The Lake County Defendants first argue that Santos' wrongful detention and retaliatory discharge claims fail because he was the subject of an ICE warrant for arrest and immediate deportation, meaning that his detention was lawful at all times and he cannot establish any retaliation. The Lake County Defendants rely on certain documents not attached to Santos' amended complaint as the underlying basis for their argument. Specifically, the Lake County Defendants attach a warrant of removal/deportation issued by ICE along with an immigration detainer on DHS Form I-247A both dated April 1, 2017. Doc. 12 at 16-17. The warrant of removal, signed by a field office director and addressed to “any immigration officer of the United States Department of Homeland Security, ” indicates that Santos is subject to removal from the United States based on a final order pursuant to Section 241(a)(5) of the Immigration and Nationality Act (“INA”) and directs the immigration officer to take Santos into custody and remove him from the United States.[3] Doc. 12 at 16. The immigration detainer, issued specifically to the Lake County Jail, states that the Department of Homeland Security (“DHS”) has determined through biometric confirmation that Santos lacks immigration status or otherwise is removable under U.S. immigration law and requests that the Lake County Jail notify DHS as early as practicable before Santos is released from custody and maintain custody of him “for a period NOT TO EXCEED 48 HOURS beyond the time when he[ ] would otherwise have been released from [its] custody to allow DHS to assume custody.” Id. at 17. It further states that Santos “must be served with a copy of this form for the detainer to take effect.” Id. The Lake County Defendants also attach a notice and order of expedited removal dated August 25, 2006, finding Santos inadmissible to the United States under Section 212(a)(7)(A)(i)(I) of the INA and ordering him removed from the United States pursuant to INA Section 235.[4] Id. at 18-19.

         Neither side explains why the Court may consider the documents the Lake County Defendants have attached to their response at the motion to dismiss stage. The Court may consider documents that are referenced in a complaint and central to a plaintiff's claims without converting a motion to dismiss into one for summary judgment. Hecker v. Deere & Co., 556 F.3d 575, 582-83 (7th Cir. 2009). Santos alleges that Jane Doe told his sister that he would not be released because of an ICE detainer, which at least allows the Court to consider the one-page detainer. But Santos' amended complaint says nothing about an arrest warrant or any other documents that accompanied the detainer, such as the 2006 notice and order of removal. The Lake County Defendants state that ICE sent the warrant to the Lake County Jail, but the Court cannot consider such a factual statement by a defendant accompanying the document on a motion to dismiss where it is not clear from the documents that the Lake County Jail received the warrant or the notice of removal at the time of Santos' detention. Because factual questions surround these additional documents and Santos does not refer to them in his amended complaint, the Court does not consider them at this stage.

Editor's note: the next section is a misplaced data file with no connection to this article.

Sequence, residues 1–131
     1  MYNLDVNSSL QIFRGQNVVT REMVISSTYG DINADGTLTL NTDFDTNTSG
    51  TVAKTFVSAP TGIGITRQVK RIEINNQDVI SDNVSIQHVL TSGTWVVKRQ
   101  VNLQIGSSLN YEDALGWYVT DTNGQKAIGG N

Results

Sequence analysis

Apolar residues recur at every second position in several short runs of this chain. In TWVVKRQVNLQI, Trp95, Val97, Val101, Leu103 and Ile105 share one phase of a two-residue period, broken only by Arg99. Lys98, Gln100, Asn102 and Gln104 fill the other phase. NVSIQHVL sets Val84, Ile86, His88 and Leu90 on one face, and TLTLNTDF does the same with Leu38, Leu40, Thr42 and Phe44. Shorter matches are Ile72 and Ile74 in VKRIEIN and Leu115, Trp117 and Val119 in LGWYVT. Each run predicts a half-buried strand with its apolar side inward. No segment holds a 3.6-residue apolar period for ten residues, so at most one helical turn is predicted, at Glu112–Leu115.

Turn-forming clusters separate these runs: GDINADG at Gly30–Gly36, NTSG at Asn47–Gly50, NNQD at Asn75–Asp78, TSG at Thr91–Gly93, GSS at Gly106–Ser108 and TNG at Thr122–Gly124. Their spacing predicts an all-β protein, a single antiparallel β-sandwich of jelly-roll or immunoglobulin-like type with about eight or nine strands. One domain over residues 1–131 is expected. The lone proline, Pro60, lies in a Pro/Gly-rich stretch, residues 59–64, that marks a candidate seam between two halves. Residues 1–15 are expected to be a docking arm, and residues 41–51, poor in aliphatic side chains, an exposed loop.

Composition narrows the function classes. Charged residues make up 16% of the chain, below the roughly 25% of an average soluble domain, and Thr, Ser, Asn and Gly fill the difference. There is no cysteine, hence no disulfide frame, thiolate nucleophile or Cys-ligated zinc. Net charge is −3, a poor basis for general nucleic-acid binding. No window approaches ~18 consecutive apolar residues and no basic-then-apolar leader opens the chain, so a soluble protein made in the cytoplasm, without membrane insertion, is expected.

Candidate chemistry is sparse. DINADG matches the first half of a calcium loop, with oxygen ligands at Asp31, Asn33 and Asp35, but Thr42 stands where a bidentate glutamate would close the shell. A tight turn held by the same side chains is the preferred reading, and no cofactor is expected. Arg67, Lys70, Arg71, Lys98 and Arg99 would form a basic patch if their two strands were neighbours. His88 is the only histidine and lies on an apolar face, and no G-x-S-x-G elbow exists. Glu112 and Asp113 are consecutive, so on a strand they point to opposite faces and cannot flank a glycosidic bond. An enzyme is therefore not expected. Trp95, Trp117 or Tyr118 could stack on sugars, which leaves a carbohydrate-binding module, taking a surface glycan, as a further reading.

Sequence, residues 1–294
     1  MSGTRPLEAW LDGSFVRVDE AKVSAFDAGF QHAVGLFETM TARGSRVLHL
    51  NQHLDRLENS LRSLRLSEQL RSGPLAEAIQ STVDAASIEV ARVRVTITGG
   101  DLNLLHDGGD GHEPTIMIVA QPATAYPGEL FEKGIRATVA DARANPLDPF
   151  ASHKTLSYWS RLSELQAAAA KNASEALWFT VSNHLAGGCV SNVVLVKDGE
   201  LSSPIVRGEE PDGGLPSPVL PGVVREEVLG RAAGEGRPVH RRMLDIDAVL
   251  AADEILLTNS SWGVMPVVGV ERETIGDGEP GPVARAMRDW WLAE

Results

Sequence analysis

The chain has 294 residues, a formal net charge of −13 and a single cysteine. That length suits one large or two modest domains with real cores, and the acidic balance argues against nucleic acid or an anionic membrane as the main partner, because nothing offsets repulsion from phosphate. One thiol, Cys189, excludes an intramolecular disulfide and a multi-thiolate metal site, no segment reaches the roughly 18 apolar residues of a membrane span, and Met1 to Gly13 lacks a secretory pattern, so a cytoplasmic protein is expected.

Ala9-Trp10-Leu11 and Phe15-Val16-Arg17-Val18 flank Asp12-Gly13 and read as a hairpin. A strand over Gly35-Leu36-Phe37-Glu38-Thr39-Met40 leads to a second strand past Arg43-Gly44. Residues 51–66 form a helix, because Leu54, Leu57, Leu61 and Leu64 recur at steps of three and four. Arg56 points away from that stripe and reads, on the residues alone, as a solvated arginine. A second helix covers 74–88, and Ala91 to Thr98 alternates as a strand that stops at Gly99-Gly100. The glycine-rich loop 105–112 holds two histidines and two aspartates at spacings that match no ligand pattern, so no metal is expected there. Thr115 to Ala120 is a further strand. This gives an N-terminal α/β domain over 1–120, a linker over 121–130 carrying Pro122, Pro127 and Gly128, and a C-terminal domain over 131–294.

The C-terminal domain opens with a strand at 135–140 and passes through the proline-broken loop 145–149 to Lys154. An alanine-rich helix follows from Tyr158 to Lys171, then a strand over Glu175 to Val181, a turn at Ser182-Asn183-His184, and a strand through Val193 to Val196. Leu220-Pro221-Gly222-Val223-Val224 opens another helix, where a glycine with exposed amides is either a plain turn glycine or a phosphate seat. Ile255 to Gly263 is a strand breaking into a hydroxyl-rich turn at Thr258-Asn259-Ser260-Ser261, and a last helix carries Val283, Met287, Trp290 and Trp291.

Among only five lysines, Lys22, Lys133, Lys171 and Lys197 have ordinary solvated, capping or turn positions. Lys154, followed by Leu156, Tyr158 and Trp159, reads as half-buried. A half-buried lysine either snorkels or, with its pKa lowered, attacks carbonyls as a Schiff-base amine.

The Court, therefore, must defer until summary judgment the Lake County Defendants' main argument for dismissal-that Santos was being held not on a detainer but rather a warrant because he had committed the criminal immigration violation of illegal reentry, meaning that his detention was mandatory. The immigration detainer itself does not indicate that Santos had previously entered the country illegally or state that the Lake County Jail was required to hold him despite his sister having posted his bond.[5] See Galarza v. Szalczyk, 745 F.3d 634, 642 (3d Cir. 2014) (reviewing the INA and ICE's position on detainers to conclude that “detainers are not mandatory”). Instead, the detainer only “request[s]” that the Lake County Jail “[m]aintain custody of [Santos] for a period NOT TO EXCEED 48 HOURS beyond the time when he[ ] would otherwise have been released from [its] custody to allow DHS to assume custody.” Doc. 12 at 17. This suggests that Santos' detention in Lake County Jail after his sister posted bond on April 1 until his transfer to ICE custody on April 13 was wrongful. See Galarza, 745 F.3d at 643, 645 (because immigration detainer is not mandatory, it cannot be used as a defense to a wrongful detention, finding that “immigration officials may not order state and local officials to imprison suspected aliens subject to removal at the request of the federal government”); Villars v. Kubiatowski, 45 F.Supp.3d 791, 806-08 (N.D. Ill. 2014) (rejecting Lake County Defendants' argument that jail officials could detain plaintiff pursuant to ICE detainer despite plaintiff having posted bond at the motion to dismiss stage where plaintiff alleged that Lake County did not have probable cause that plaintiff violated federal criminal law). Therefore, the Court does not further address the Lake County Defendants' arguments that Santos cannot pursue his claims because they were required to detain Santos pursuant to a warrant for removal and could not release him on bond despite the state court judge's order. The Court instead proceeds to address the Lake County Defendants' remaining arguments for dismissal, with the Lake County Defendants free to reassert their arguments concerning the validity of Santos' detainer pursuant to the ICE warrant at a later date.

         II. Heck v. Humphrey Bar

          The Lake County Defendants alternatively argue that Heck v. Humphrey, 512 U.S. 477, 114 S.Ct. 2364, 129 L.Ed.2d 383 (1994), bars Santos' claims. Under Heck, a criminal defendant may not use § 1983 to claim damages for “harm caused by actions whose unlawfulness would render a conviction or sentence invalid, ” unless that conviction or sentence had been “reversed on direct appeal, expunged by executive order, declared invalid by a state tribunal authorized to make such determination, or called into question by a federal court's issuance of a writ of habeas corpus.” Id. at 486-87. § 1983 is the not the appropriate vehicle for criminal defendants to collaterally attack an otherwise valid criminal conviction. Id. at 486. The Lake County Defendants argue that although this case does not involve a conviction, Heck similarly applies to bar claims that would invalidate an immigration detention. See Cohen v. Clemens, 321 Fed.Appx. 739, 742 (10th Cir. 2009) (applying Heck to bar plaintiff's Bivens claim challenging his civil immigration detention because, in order to receive damages, he ...